April 2009 // Volume 47 // Number 2 // Research In Brief // v47-2rb7
The Economic Impact of Intensive Commodity Price Risk Management Education
Research shows that risk management, and in particular price risk management, has been a major concern for agricultural producers, and as such, has been the target area of a substantial amount of Extension education programming. Analysis of survey results indicate that the Master Marketer program, a 64-hour intensive training program that develops master volunteers who extend the education through marketing clubs, is a valuable Extension program helping producers to better-manage price and production risks. On average, graduates of the program have increased their net income by more than $33,000 annually.
A broader view of risk as it relates to management decisions has been embraced due to a multitude of factors, including the introduction of agricultural commodity options in the mid-1980s. In addition, advancements in computer technology have greatly simplified the task of analyzing data and demonstrating in educational programs the concept of risk and strategies to manage risk. Likewise, producer interest in learning more about price risk management strategies has grown.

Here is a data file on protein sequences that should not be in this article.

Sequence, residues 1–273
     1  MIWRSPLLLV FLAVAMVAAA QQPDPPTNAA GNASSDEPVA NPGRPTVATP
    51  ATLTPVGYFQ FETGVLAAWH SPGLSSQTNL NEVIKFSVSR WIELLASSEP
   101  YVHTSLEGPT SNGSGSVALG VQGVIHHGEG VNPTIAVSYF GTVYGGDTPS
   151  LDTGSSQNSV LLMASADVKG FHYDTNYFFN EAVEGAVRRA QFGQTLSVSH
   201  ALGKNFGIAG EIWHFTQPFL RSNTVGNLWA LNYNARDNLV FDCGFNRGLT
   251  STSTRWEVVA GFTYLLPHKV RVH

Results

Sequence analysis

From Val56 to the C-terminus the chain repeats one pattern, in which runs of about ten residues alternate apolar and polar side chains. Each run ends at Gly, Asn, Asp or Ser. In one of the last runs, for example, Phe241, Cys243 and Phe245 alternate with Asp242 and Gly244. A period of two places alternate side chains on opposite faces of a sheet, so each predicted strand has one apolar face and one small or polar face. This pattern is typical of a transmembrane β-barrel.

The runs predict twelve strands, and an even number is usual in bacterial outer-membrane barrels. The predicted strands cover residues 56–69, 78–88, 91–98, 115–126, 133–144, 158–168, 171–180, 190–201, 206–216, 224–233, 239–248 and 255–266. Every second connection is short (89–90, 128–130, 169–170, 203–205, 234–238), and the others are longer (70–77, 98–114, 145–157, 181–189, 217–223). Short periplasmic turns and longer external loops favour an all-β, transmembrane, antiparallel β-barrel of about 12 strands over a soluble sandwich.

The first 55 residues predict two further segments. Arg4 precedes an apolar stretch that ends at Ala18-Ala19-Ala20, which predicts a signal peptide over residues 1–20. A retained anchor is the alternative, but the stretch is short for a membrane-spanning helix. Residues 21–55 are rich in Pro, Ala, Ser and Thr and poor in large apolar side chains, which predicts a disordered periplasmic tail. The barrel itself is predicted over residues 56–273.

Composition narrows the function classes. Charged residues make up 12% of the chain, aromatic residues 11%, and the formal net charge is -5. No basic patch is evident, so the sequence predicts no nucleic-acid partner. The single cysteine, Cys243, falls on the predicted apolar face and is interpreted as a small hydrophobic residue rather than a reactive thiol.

A survey of crop producers by the Purdue University Cooperative Extension Service found that the most important source of risk facing producers was crop price variability (Patrick & Alexander, 2004). Marketing and price risk management is an area that Extension in many states has placed more emphasis on in the past two decades. In fact, a study by Chizari and Taylor identified innovative marketing strategies, among several other subject matter areas, as one of the reasons for adult educational programs in agriculture (1991).